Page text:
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by: Deron Abshire II


Marketplace > University of Kentucky > Pathology > PPA 400G > PRINS OF PLANT PATHOLOGY
Deron Abshire II
GPA 3.6

Paul Vincelli

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Paul Vincelli
Class Notes
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This 30 page Class Notes was uploaded by Deron Abshire II on Friday October 23, 2015. The Class Notes belongs to PPA 400G at University of Kentucky taught by Paul Vincelli in Fall. Since its upload, it has received 42 views. For similar materials see /class/228231/ppa-400g-university-of-kentucky in Pathology at University of Kentucky.




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Date Created: 10/23/15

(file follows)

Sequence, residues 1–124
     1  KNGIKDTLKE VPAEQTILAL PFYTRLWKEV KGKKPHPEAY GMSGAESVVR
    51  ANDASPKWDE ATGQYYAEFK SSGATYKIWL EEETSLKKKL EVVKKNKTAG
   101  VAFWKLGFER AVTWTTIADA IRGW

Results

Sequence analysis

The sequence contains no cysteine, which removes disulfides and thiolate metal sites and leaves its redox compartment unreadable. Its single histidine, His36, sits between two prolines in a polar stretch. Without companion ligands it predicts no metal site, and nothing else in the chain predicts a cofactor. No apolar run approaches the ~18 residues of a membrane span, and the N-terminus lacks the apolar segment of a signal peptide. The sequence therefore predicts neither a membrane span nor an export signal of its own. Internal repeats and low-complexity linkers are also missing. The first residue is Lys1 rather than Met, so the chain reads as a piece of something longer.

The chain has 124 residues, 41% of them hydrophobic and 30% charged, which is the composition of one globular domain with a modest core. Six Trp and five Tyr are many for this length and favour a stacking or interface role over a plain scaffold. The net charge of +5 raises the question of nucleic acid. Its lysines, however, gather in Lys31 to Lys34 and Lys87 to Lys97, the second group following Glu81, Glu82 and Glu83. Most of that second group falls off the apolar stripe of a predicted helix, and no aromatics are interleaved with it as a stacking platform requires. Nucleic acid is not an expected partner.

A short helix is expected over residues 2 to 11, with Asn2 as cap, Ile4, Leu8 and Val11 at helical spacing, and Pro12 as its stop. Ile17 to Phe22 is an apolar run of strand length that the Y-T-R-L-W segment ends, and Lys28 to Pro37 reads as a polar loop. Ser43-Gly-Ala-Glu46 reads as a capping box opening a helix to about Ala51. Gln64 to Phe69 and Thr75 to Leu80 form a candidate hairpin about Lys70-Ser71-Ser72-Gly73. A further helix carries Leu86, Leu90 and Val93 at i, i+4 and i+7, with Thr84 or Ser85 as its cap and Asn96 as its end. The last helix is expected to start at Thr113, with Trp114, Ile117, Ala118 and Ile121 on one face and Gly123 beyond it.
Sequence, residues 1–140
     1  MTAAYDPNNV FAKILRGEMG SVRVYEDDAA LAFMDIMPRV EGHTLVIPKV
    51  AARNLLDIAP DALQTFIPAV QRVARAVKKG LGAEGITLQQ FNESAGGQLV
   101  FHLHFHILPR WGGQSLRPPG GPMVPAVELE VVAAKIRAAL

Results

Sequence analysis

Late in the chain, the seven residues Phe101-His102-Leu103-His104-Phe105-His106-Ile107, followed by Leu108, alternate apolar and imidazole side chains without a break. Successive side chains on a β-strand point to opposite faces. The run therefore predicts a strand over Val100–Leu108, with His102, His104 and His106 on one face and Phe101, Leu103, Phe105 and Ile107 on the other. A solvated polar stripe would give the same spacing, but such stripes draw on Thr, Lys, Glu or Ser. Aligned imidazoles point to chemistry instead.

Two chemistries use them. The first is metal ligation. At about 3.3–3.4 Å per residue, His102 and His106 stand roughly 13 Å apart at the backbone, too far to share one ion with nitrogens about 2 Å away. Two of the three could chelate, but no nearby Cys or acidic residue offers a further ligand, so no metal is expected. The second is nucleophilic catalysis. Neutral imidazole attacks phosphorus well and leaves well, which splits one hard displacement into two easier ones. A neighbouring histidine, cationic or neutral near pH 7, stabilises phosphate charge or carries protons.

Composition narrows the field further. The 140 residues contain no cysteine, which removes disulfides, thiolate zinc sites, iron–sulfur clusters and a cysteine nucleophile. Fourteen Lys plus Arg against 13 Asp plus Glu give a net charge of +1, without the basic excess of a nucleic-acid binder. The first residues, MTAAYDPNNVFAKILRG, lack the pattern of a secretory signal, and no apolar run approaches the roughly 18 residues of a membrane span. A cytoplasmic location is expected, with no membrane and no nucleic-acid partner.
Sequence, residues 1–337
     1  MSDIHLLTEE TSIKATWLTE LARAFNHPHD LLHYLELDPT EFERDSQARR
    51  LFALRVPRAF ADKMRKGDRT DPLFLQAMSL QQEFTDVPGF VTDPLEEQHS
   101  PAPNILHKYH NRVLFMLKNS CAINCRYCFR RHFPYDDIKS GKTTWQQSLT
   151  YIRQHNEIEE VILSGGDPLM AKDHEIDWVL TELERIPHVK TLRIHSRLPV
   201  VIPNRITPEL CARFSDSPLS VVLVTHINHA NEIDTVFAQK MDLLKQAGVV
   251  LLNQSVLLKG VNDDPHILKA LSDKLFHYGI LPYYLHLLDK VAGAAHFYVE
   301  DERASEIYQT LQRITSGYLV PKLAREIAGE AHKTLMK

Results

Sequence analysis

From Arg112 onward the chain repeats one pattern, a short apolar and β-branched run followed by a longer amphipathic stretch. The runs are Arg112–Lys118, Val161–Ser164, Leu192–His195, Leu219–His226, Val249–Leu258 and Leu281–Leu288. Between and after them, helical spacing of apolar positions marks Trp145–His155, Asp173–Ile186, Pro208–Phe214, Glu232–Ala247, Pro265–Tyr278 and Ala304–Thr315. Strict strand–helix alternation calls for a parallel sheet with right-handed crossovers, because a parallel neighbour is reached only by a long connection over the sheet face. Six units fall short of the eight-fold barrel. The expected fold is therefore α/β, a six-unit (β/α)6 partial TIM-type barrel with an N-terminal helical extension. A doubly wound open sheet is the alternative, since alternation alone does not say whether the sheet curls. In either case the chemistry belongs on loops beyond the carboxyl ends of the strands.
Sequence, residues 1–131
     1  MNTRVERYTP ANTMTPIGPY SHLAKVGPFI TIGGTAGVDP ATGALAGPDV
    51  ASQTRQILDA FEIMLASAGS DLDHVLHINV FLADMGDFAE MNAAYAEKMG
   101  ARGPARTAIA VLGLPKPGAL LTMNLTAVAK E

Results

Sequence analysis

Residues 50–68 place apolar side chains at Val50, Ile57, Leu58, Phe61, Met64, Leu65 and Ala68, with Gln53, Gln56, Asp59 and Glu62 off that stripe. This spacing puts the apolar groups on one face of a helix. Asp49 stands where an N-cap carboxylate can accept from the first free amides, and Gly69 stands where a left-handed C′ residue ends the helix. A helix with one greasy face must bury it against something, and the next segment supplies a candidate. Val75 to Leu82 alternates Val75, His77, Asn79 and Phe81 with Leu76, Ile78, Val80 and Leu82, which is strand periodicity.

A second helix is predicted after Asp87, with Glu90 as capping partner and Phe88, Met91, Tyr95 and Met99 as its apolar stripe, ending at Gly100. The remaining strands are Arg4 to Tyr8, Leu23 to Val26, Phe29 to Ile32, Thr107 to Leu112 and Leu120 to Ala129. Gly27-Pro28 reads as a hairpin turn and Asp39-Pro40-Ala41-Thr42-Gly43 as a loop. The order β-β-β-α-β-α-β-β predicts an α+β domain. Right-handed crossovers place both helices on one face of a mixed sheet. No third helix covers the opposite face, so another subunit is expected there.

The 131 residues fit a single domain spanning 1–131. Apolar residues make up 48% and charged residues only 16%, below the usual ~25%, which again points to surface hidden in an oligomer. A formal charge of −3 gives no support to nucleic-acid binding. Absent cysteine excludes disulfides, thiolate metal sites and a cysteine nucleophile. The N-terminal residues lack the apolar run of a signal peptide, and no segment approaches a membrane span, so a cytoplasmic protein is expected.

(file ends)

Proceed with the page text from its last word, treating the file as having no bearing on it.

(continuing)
Introduction to Bacteria Bacteria are Proka ryotes no nucleus existed before nucleus was present in cells Oldesttype of organism Morphology Composedofcell wall Plasmids Somehaveflagella Carrygenesthatareimportantto Rod Nonucleus h Onechromosome pat ogemm 39 Spherlcal C I I d Resistancetobactericides o o splral ircuargenetic units pasmi s Virulencegenes o Fuamenmus Nonressentialgenes Genesthat trigger host resistance Pei0morphic Plasmids carry genesthatare important Reproduction is done by division by duplicating their circular DNA r L L L Becausethey produce a large number of cells in a small amount of time they are highly adaptable and can mutate at a high rate in order to adapt to their environment Most pathogenicbacteria araracuiiaiiva parasites To distinguish the species of bacteria m cell wall Numberflagella cell membrane Position offlagella agellum Physiology 39 a Growth medium 7 Selective mediums Ifthey glow Abilityto grow aerobically Gas production Antibiotic sensitivity ch romosome Bacteria Page 1 Disease Cycles Most pathogenic bacteria are facultative saprophytes They are mostlysoil invaders Ooze Doze produced by bacteria that has infected the plant Bacteria growrapidlywithin the ooze when it is moist it is most favorable Cloudy opaquein color than enough to infect a plant Bacteria infect through Penetration occurs through wounds or natural openings 39 ownr hey need 39 Miran vinyl only the p nt Inmugh sionuia o Depend on nature for dispersal Mo byDroplets facilitative transport tools fur etc d Easily ispersed W via vectors wound Colonization host infectia n Internal Colonizationr within the plant DiseaseCycles Page 2 sup 1 Stop 2 5le 3 sum 4 Eaclerizl Habitat Em Mtcmcolony lmmgnllnn modilicauon Msnu lnrmation Slap s Slep 6 Slap 7 Slap a my Entry Into mum Egressinn Iggvogale Inumal mndl ca on on u armIon spaces and tummy In Innate dlvlshm Dlseasecycles Page 3 Pec tobacterium Carotovorumr Bacterial Soft Rot Snltrntinz tuber Bacterial Soft Rot Management sanitation 1231 O rvl39val rsourzes ofPPl Reducingwnunding o DPl Pathaaeh harrre ls Pactnbactsrlum carntnlnrunl Regulatingtempemture Hostrahgersrleshy vEgEta as o amphumidity PPl Psl DPl Dsl lhrectlan Calahlzatlah re arvest PostHarvest Dldesrparrafrhe l39rlfecn39arl l39s thesaapyparrafrhe l39rlfecrl39arl RD 5 ed bacterl m Neweszpanrs theouteredgerthatls the mostactlvepan nocompetltlon wrzh Facultatlva ParasltE ozhermrcraorgahrsm ass oupy centerln great growth medlumforother mealvesaprophyte in soil mlcroorganlsms Survival Muluple sltes Whatsurwes Bacterlal Cells a Sell a Varloussurfaces machlhery hands shoes a On organlc matter such as crop resldues Ponds Productionof Survival Structures I I Bacterla Cells are drspersed ta sunlla sltEs may nlutlpy Pmdumm 0 Prlmarv quotWWWquot Bactsrla cals nlutlpylng at therr surllla srtes o Bacterlal cells serve as PPl Multlplylng by lelSlOn to produce more Production of Secondary Inoculum WW W h V o Condluons that are Wet and Warm DmpEts nfnnzefur Cell rhulupllcatloh Symptoms Bacterla EDIE o Thlck creamy r soupy rot Dispersal of Primary Inoculum Bacterla cells are drspersed passllEy Droplets o Vectors lnSeCB notspeclallzed d Dispersal of Secondary Inoculum SW5 droplets are belng lntroduce aze ls drspersed pa 0 Dro lets o Vectors lnSeCB notspeclallzed dropleB are pelhg lntroduced Colonization lcells mutlpy BGEtErlG o Blnary FlSSlOn occurs Infection Bacterla cells are lntmducsd ta the rhterrar afthe plant o Through natural Openlngs and Wounds o Condluons need to be Wetand or Warm anaeroblc condltlons Overcome reslstance o Aero c mlcrootelmll cellsneeded o Anaeroblc mlcroote 100 cells Gram Negative Page4 Pepperand Tomato Bacterial Spot Management I Crop rotation effect survival 0 survival once host material decays is limited Host range very limited Cert led seedsunlival 0 Disease free seeds and plant transplants I Spraying with copper plus manebrcontaining bactericidesr Epiphytic colonization 0 Copper is a protectingrcontact O Streptomycin spray on transplants rcontact application only epiphytic I Resistant varie ies I Avoid working in field when wet Dispersal Pathogen name Xantahamonos vesicatoria pepper amp tomato host range very Limited There are four species Rods 3 ed bacterium Facultative Saprophyte The bacterial spot pathogen alone does not cause fruit rot Survival 3 Bacterial Cells in seed 3 Infested Plant Debris u Root system but very minor Production of Survival Structures 0 Seeds become infecte o Tissues fall to the ground Production of Primary lnoculum Bacterial cells multiplying at their survival sites ideal conditions is warm amp wet wea er Production of Secondary lnoculum I Droplets of ooze form from rotted tissues I E i h ic cell and roli eration Symptoms p p yr p f o Necrotic Spots on fruit leavesamp stern Dispersal of Primarylnoculum ooze Bacterial cells are dispersed passively ple s O Vectors insects not specialized droplets are being intro uced O Pesticide applications Dispersalof Secondarylnoculum S cylon39zatlorjl O Vectors insects not specialized Lucamm minnlzutmquot droplets are being introduced 0 Bacterial cells multiply via binary Fission occurs o Intercellular growth Eplphytlc culomzatlon Bacterial cells multiplying on the plant externally Infection Bacterial cells are introduced to the interior ofthe plant h natural openings and wounds 0 Conditions need to be wet and or warm anaerobic conditions Above ground parts leaves stems fruit High Nitrogen promotes succulence faster colonization 39 39 39 39 39 urivenquot39 Gram Negative Page 5 Fire Blight rErwinl39a amyiovom Management Sanintation o survival once host material decays islimited Host range very limited Avoiding excess Nitrogen o Spraying with antibiotics and Copper 7 epiphytic coloniza io Blightban 035 biological control epiphytic colonization o Streptomycin spray on stigma to reducerepiphytil colonization Reduces succulence thus less susceptible to bacteria Infection amp colonization t39 n 0 Copper spraying at budbreakr copper is toxic to fruit epiphytic colonization Pathogen name I Cultivar selections Erwinia amyiovora Starch loving Pruning in the winterpruning cankers areas with symptoms like blight Reduce survival and PPI Host rung very timitchpplesamp Pearssonle rosaceoasornamental Rod shaped bacterium with agella Xylemtransportsendophytic Facultativeanaerobe Facultative saprophyte Pe rs moresusceptiblethan apples Survival Bacterial Cells in cankers on branches and twigs Production of Survival Structures 0 Cankers form Production of Primary Inoculum Bacterial cells multiplying and form ooze when temp increases Production of Secondary lnoculum Dropetsofoozeform 8555 files transporting epipnyticaactena to otherstlgnia Dispersal of Primary Inoculum Bacterial cells are dispersed passivel 0 Flower blight water socked area gray translucent patches y o Vectors Insects not speci c attracted to ooze lookslike frost damage 0 Blackened twigs 0 Leaves cangetblighted o shootblight 0 Fruit 1 o E o E g o E g 8 Dispersal of Secondary inoculum o Droplets orwaterlrain pesticides o Vectors insects notspecialized droplets o Cankers arebeingintroduced drydimares o Dried strands ofoozer sticky so as it falls like stringr t a ofbacteria can be blown away even in Colonization 0 Bacterial cells multiplyvia binary Fission occurs and inwde the llower o lntercellular growth Infection Epiphytic Colonization Bacterial cells colonize on tne stigma rnopenetratl on at tnisstaae Bacteria travel from stigma to nectaries with wetness like Iightruin or heavy dew Penetration and proliferation inside the llower Foliage and twigs hinhi Shepherdsentry so quick quotfreezesquotinthisposition Flrebllghtls sorapld that leaves are still attached to the tWigl Secondary source or inoculurn warm day oozerll emerge Gram Negative Page 6 Erwinia Tracheiphila Bacterial Wilt CucurbiLr BacterialWilt Cucurbits puntni Management Beetle Control best 0 Aggressive use of insecticideseveral applications 0 Foliaror drench insecticides Pathogen name is Erwinl u Trachel phiiu P i5 quot bee o inhibit beetle feeding llostrangeis limited Exclusion by Row Covers 0 Several Cucurbitslmelon cucumbers squashandpumpkin o Putmw covers keep vectors from crow costly and o watermelonisl N Rodshaped bacterium Shim 39 m EEK Bait Crops Trap Crops Vascularwm Disease 0 Attracts thevector more than crop ofinterest quot a um g nu 0 Downside attracts more beetles to field Resistant Varieties O Resis ant to bacterial colonization O Resistant to the beetles less attractive to beetles urvival Bacterial cells 39ve the winter only in the digestive tract of striped cucumber beetles and spotted cucumber beetle Production of Survival Structures Bacterial Cells are in the GI system of the beetles Production of Primary lnoculum Bacterial cells do not multiply thus from sur lval t ey go straight to dispersal oms Production of Secondary lnoculum V quotquot5717quot WWquot Colonization of the xylem W39 T ey pro uce more inoculum thus it is the o Gum production due to xylem wall breakdown some of secondary inoculum o Clogs the xylem Dispersal of Primary lnoculum Bacterial cells survived are in GI tract of beetles o Flyingaroun Dispersal of Secondary lnoculum o Feeding of beetles as feeding is needed toinitiate Colonization Beetles39 mouthparts become contaminated with defecam quot Bacteria 5H5 mummy the bacteria while feeding on infected leaves nary Fission 0 o VISIt other plants or leaves by thght ccurs 0 Begin to spread through the xylem Cthn Bacterial cells are introduced to the plant via fecal matter 0 introduced through wounds due to feedings by beetles Fecal matter of beetles contains bacteria cells of erwinia tracheiophila which is defecation on site of feedin o o Waterfilm on plant is necessary to facilitate bacteria transport Bacteria begin to multiply 0 During springsummer Cannot enltervia natural openings stomata hydrathodes o Gram Negative Page 7 Bacterial wilt of cucurbits Bauerm 12H mhx i u Stem TwssuE sn atmn wuum curmrm Erwmra Tracherophrm 25 a ma a can usE Ms mam furfEEdmg and mem 15 muuthpans and y m anuthEr mam and mfgci n Tms sthEtypE m Aan We see at bactEna vascu ar mfectmn w n s nut prEsEnt n dnEsn t mean that n snt thErE r n mEans that thErE mwght nut be a argE papu atmn m prnducE mg smoky smngy um Emma Trachemphma c uggmg up the w em swEvEs Ron cmcrs lo mclude cucumber bcclles Gram Negative Page 8 Panto ea Stewartii Stewart39s Wilt of CarriE rwinia Stewartii Stewart s Wilt of Com Management 0 Flea Controllbest o Aggressive use ofinsecticidesevera applicationsaftercorn breaks 0 Foliarordrench insecticides 0 Poison Fleas o Inhibitflea feeding 0 Exclusion by Row Covers 0 Put row covers keep vectors from crops costly and effective Pathogen name is Erwinia StewartiiPantoea Stewarn39i 39 t t 0 ResistantVarieties HOSt range 395 l39mlted o Resistantto bacterial colonization 0 Corn 0 Resistantto the fleas less attractive to fleas 0 Can inoculate other plants artificially 0 Rod shaped bacterium 0 Facultative Saprophyteadapts as parasite bettersurvives in plant debris only a few wee s 0 Vascular Wilt Disease 0 Escapes competition soil is competitive developed capacity for vascular growth Su rvival 39 Bacterial cells survive the winter only in the digestive tract of Corn flea beetles 3 And inthe corn ll Production of Survival Structures Bacterial Cells are in the corn ea PrOdUCtlorl 0f Prlmary IHOCLIlle Bacterial cells do not multiply thus fram survival they go straight to dispersal Production of Secondary lnoculum Calanizatian afthe Xy em I They produce more inoculum thus it is the source of secondary inoculum Symptoms Naticeahle wilting t o Wilt O Gum production duetoxylem wall breakdown Dispersal of Primarylnoculum Bacterial cells survived are in GI tract of beetles o Flyingaround O Feeding of beetles as feeding is needed to initiate defecation and regurgitation O Clogsthe xylem Dispersal of Secondary lnoculum Fleas bacteria bearing while feeding an infected leaves 0 Visit other plants or leaves byflig t Colonization lt Bacterial cells multiply o Binary Fission occurs Bacterial cells are introduced to the plant viafecal matter 0 Begin to spread through the xylem O Introduced through wounds due to feedings by beetles O Fecal matter of beetles contains bacteria cells of erwinia tracheiaphila which is defecation on site of feeding 0 Water lm on plant is necessary to facilitate bacteria transport 0 Bacteria begin to multiply 0 During springsummer Cannot enter via natural openings stomata hydrathodes Gram Negative Page 9 Gram Negative Page 10 Xanthamona Bacterial Wilt ofPoaAmlua Xnnthnmnnn Bntterinl Wilt DfPDnAnmm Management duel quot quot by grasswhen dry DPI Regulatingtemperatureamp humidity Pathogen name is X nth mmm o PPI PSI DPI DSI Infection Colonization Host range islimited o Turfgrass Rod shaped bacterium Vascularinfection Facultative Parasite 0 Bacterial cells 0 lnsoil or plant residues Production of Survival Structures Bacterial Cells of survival sites rneyrnultiply PFOdUCtiOH 0f Primary IHOCUlum Bacterial cells multiply in soil orpldnt residues Production of Secondary lnoculu m Droplets ofoozeforrn Located on the rotted issues Cell multiplication Sympto Dispersal of Secondary Dispersal of Primary lnoculum Visible wilt due to system infection spread lnoculum Bacterial cells via water droplets o Mowin ottne turf grass wounding and irrigation or rain 0 Facilitated dispersal Bacterial ooze in xylem Findlstdges is some spotting Lime Green stern base 0oze is dispersed passively 0 r0 ets Vectors insects not specialized droplets are being introduced Colonization lnfectlon Bacterial cells multiply lt Bacterial cells are introduced to the interior oftne plant 0 Bmarv Fisswn occurs In xvlem n natural openings and wounds 0 SVS EmiC WWW 53910 VESCU39 SVS E39 0 Conditions need to be wet and or warm anaerobic conditions Overcome resistance 0 Aerobic microcyte 1 mil cells needed 0 Anaerobic microcyte 100 cells Gram Negative Page 11 Gram Negative Page 12 MandaOctahv mg m EIDAM Pseudomonas syringaetabaci Causes disease on tobacco but not beans Pseudomonas syringae pv Theylook the samesame biochemical properties act the same butwhenyou dependenton strain HOST SPECIES is important here I Where colonization is taking place at that necrotic spot Littleyellow halo is where the disease is spreading by the diffusion ofthe toxin Toxin is ornithine which is an amino acid that assists in the disposal of excess Nitrogen Which pathogen structure is colonizing the plan I Halo Blight of Bean elldmnonatv ringae pY KY llCLL mltlj m tsctlttte than Resistant variety inhibits bacterial infection insidethe plant by not epiphytic colonization Gram rNegatwe Page 13 Angular leaf spot of tobacco IS I htt Yes ooze winorrn when it becomes wet Epiphytesare the spots even though there are no tesions evident Cvmm rNegatwe Page 14 Wild re of tobacco Again From Angular Leafspot of Tobacco it is an internal colonist It is different cause it produces a toxin that actually causes symptoms Infections are small relative to spread ofthe toxin systemically TABTOXIN is the toxin responsible for wildfire tobaccoecauses accumulation ofNH4 related to Nitrogen uptake possible synthesis of ornithineaminoacid Wild re of tobacco Gram Negalwe Page 15 P lacrymans on cucumber Ia flux l RDULO of 361311clxuv 111 11111111 0 Star is zone where there is water soaking it is the area of active colonization 0 Angularinfection as bacteria cannot grow as fast in the veins so they take on angularformationsfrom the veins Eventuallythese leaf spots become necrot39c 0 If we want to isolate pathogen we would get it from theses spots Gram rNegatwe Page 16 Common blight of bean Which pathogen structure 1r r11 cruclxll is colonizing the plant r r l Y39lwie Y 31 ll l you 18quot lill f fin Yes source of secondary inoculum as ooze will form in wet weather as we most likely have a lot of epiphyticcolonization on foliage You would isolate bacterial internallyfrom the diseases tissues Gram rNegatwe Page 17 Pod lesions from foliar bacteria You would isolate from necrotic spots and sea ing Soaking Common blight of bean seed infection Seeds are very infected and extremely soa Water soak spots When they dry out they will look normal but will be source ofinoculum Gram rNegative Page 18 strainsgrowingin medium V20 strain has limited growth in Cu 1000 and inhibited in Cu200 No growth of strain V2 in 200 Cu units But we see other strains are resist nt Sm streptomycin Cu Copper Some are inhibited by Sm antibiotic and others need very high levels to slow Gram Negative Page 19 Disease Progress Dwsease prngrEss curve msease me Tesmg Page 20 anary nfecimn mg nfecimn usuaHy sprEad surrnundmg the mma memnn snemuugh n can b2 at a mstance AsumE gues by ba Ena patchEs m cmnmEs EmErgE UnthE hast ELISATESTING M ms 9 anday omhuu52 i EIEIAM Enzymelinked immunosorbent assay ELISA This technique tests for the presence of an antibody or antigen of a certain sample to indentify the presence of a substance ND CDLDR NGE No infection ELIS Results for Alfalfa Mosaic 39 CDLDR CHANG mme Plant 1 Plant 2 Testing Page 21 PCR TEST SundayOctober 25 2009 1031 PM DNA BASEDTESTING Testing Page 22 Dilution streak sunaay Octahzr 25 ms in my 39 quot quot L quot quotearth 0 transfer them with the plastic loop stick growth medium To test if bacteria can grow aerobically that iswithout Sham oxygen are seen here Asterile lm ofVaseline literally quotplugsquot the tube not allowingthe entrance o air 7 oxygen or carbon and the change ofcolor in strain land 3 are means of determininganaerobic bacterial growth Also strain 3 has actually quotmovedquot the plug indicating gas release Gram stain Fram39 indina stain are applied in succession to cells oflhe bacteria Gram negative Gram p0 ve Testing Page 23 Vocabulary Chemical Ways Pathogens attack plants Toxins Wild Fire Tobacco Orinithine Amino Acid Pseudomonas syringae pv Growth Regulators Crown Gall Agrobacterium Tumafaciens Enzymes pectolytic enzyme Bacterial soft rot Pectobacterium carotovorum Gums Clogging of xylem in Bacterial wilts of Cucurbits Erwinia Tracheiphilia Mechanisms of BIOCONTROL Antibiosis production of poisonous compounds Agrobacterium Radiobacter Parasitism Competition VocabulaIy Page 24 rPleiomorphic Conjugation tubes Facultative Parasites is they can survive in dead material Ooze Epiphyticcolonization Rhizosphere Saprophyte Can be many shapes variable shapes Colonization ON the plant growing on the surface the soil that surrounds and is influenced by plant roots are how bacteria exchange genetic information with each other Prefer to be parasites but can also be saprophyticto survive that Bacterialoutcome organism that obtains nourishmentfrom non livingorganic matter Binary Fission reprod uction Hydathode water leafopening at terminus of vein Plasmids Selective medium i Disease Progress Curves Pathovar FacultativeAnaerobe makes ATP by aerobic respiration if oxygen is present but is also Asexual reproduction by one cell dividinginto two Prokaryotic epidermal leafstructure specialized for secretion or exudation of plasmidsare used in recombinant DNA experiments as acceptors and vectors of foreign DNA this is how conjugation tubes exchange info quotcircular DNAquot a culture medium containingsubstances that specificallyinhibitor preventthe growth of some species of microorganisms The development of disease through time Strains ofthe same species differentiated by pathogenicityon different hosts capable of switchingto fermentation IStigma pistil Usually sticky The motor part of a root usedforplant propagation Rootstockr The apical end of the style where deposited pollen enters the VocabulaIy Page 25 Mondaypcmber 262009 clrcumthecal flagella common pm Crown Gall Page 26 Crown 6311 Ayralmcterium tumafaciens A Vitis Management Agrobacterium radiobacter Antagonist 0 produces poison called agrosin that is poisonous to agrobacterium tumafaciens if Ti is put into this it can become a pathogen Reducing wounding Infection Pathogen name Agrabacterium tumafaciens Host range is very wide Numerous fruits and ornamentals woody preference Rod shaped bacterium with flagella Lignin friendly During infection phenolic compounds Transformation vector Opines are produced during infection and is used as nutrient source for bacterial cells lmummeenl quotwequot Survival Q Bacterial Cells that survive a longtime in soil ram gammaquot an Production of Primary lnoculum Bacterial cells multiplying in the Rhizophere Production of Survival Structures and rhizoplane soil Bacterial trapped in the galls Once the galls rat then in sail Symptoms Gallfnrmatinn Growth stuntingr Weak plants Dispersal of Primary lnoculum Bacterial cells are dispersed passively 0 Movement o s il Colonization Bacterial cells multiply via binary Fission occurs lntercellular growth Infection Roots and crowns Penetrates through wounds Itinserts tDNA transferred DNAinto hosts and genetically modifies it part of the Tipiasmid Production of opines cytokines auxin promoting gaii growth Crown Gall Page 27 Xylella fastidiosa Mamaymm 25 m 7 um Colonizesxvlem N0 CONTROLS Symptoms Leafscorching chronic water stress Wilt quotl wk Vhich pathogen structure is colonizmg the plant 4L 4L i3acterial leaf Leaf Scurchmg Page 28 YELLOW LINE IS CELL WALL Causes Pierce39s disease of Grape Leaf Scurchmg Page 29